comes a torrent when the elements contend t but
when the temples! has passed, the Waters contract
to their former limits, flowing with more freshness
and adding new beauty to their progress. So the
elevated mind, if ever disturbed by ihe.malice of
ignorance and envy, like that little stream, soon
regains its wonted gentleness, and feels the happi
est for the test. True honor acknowledges itself
in rags as well as in costly raiment—it Reeds' no
covering—most beautiful when undisguised. It
exalts itself in all' conditions, for it is of its own
creating. the world would be its arbiter, and false
distinctions of society would restrict it to high station
but the werld would Inive been made to worship it
when clothed in the garb of lowly. Detraction has
no blemish for it—it abides all worldly tears.—llen.
Otr A correspondent of the Troy Times gets oft
- As we were passing by an auction shop, a witty
auctioneer, was trying to sell an old. hand °win
To that end he was grinding out the musio ; when
the crowd began to throw out the pennies, when a
countryman step* up to him and said,—" Sir,
you ought to have a monkey !" " My good fellow,l:
replied the aoctilineer, "so I had, Step right up
here P' The countryman vamosed."
Grrnsu orr EAST —Chre of the States passed an
Set that no dcg should•go at large without a max.
tie r snd a man was brought up for infringing the
statute. In deface he 'Hedged that his dog had a
"Row is that 'I" Booth the jailice.
"0," said theilelendant," the acs" says nothing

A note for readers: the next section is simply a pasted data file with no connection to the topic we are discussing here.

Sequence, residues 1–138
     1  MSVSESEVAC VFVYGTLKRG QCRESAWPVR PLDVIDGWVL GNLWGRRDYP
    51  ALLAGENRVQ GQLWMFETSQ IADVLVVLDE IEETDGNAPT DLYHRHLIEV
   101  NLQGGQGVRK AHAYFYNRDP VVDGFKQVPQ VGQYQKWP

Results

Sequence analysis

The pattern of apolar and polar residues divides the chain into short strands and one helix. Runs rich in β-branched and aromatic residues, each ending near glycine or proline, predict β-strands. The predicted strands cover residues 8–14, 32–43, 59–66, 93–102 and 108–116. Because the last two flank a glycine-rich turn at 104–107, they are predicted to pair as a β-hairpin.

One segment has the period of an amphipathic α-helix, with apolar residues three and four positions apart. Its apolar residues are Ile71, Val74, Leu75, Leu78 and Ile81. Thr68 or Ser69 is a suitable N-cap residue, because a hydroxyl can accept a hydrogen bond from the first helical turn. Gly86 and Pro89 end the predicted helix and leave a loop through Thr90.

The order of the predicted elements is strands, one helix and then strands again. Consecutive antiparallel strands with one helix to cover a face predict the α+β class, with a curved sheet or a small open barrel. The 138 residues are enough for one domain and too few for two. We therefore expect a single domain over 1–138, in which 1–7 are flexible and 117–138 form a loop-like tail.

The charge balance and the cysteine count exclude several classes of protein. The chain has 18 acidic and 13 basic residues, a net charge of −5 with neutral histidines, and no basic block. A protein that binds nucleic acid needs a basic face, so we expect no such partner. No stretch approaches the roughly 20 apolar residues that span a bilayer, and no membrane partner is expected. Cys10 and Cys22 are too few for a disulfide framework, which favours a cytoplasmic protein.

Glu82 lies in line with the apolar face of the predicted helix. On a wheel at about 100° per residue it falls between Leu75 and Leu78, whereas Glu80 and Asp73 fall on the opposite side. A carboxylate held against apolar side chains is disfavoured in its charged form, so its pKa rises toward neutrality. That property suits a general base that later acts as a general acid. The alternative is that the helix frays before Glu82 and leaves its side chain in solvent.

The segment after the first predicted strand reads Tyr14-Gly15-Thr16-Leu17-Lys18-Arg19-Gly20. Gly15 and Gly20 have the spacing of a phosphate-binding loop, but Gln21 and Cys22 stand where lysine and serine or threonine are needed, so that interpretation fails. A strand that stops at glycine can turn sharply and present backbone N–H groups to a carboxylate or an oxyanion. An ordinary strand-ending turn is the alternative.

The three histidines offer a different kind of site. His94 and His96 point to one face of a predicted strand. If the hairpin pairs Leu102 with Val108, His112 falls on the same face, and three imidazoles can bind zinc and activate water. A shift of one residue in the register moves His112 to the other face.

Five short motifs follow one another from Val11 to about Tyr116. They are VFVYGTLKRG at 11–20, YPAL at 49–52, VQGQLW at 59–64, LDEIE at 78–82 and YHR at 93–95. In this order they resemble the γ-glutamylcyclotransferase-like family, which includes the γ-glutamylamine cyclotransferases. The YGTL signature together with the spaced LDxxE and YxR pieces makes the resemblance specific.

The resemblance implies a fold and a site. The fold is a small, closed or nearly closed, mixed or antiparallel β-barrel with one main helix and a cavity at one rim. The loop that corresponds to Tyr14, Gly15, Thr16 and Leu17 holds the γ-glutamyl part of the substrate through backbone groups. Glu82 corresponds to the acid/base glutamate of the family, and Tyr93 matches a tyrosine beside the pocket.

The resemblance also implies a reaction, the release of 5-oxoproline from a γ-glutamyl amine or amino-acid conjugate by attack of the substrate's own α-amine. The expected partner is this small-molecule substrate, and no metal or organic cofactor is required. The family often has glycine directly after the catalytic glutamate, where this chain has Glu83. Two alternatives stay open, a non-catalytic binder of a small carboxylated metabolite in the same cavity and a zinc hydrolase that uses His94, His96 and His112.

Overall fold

Olen:idle muzzle shall be placed, and as I thought
the animal would like the treabair,l pit it on his
Courtin: in Court.
An interesting anti rather -unexpected circum.
stance took place at a insticiVs court in Tyrone, on
Friday tact. The preliminetl history of the case
is as follows : Miss Angeline Houghtaling a cun
ning end rather good looking young lady of some
25. years of age, whose persimal-aliractim had gain
ed for her considerable reputation amengsthe warm
blooded youths of this section, and whiete resi
dence in Albany, as well ps other enlightem4l cities
at the east, have affordeS her (=mien, advents.
gee for studying human nature—had commenced
a suit against Mr Smith Sharpe, a widower far
mer, of Tyrone, whose peculiar constitutional organi
zation and zig-zag brains had rendered him highly
susceptible to the influence of woman's charms,
and made him alternately a shi've.and a tyrant.
The plaintiff claimed for a cow .iliat she aleged
she purchased of defendant, and for which she had
paid him by a stove, sold and delivered to him
some two years since, and by personal services.
Plaintiff also claimed for wpm of slims.
It seems that about two years ago, Miss H. was
engaged as house-keeper by defendant, anti con
tinued to discharge all the functions of that station
during a period of about 18 months or until some
lime last spring, when owing to his violent temper,
a separation took place —But then he discovered
the strength of her influence over him.' Ho sought
• reconciliation without avail. The fair one was
independent and stubborn. Once during the past
slimmer, they met here and sue consented to talk
with him. la the genero-ity of his soul, he bought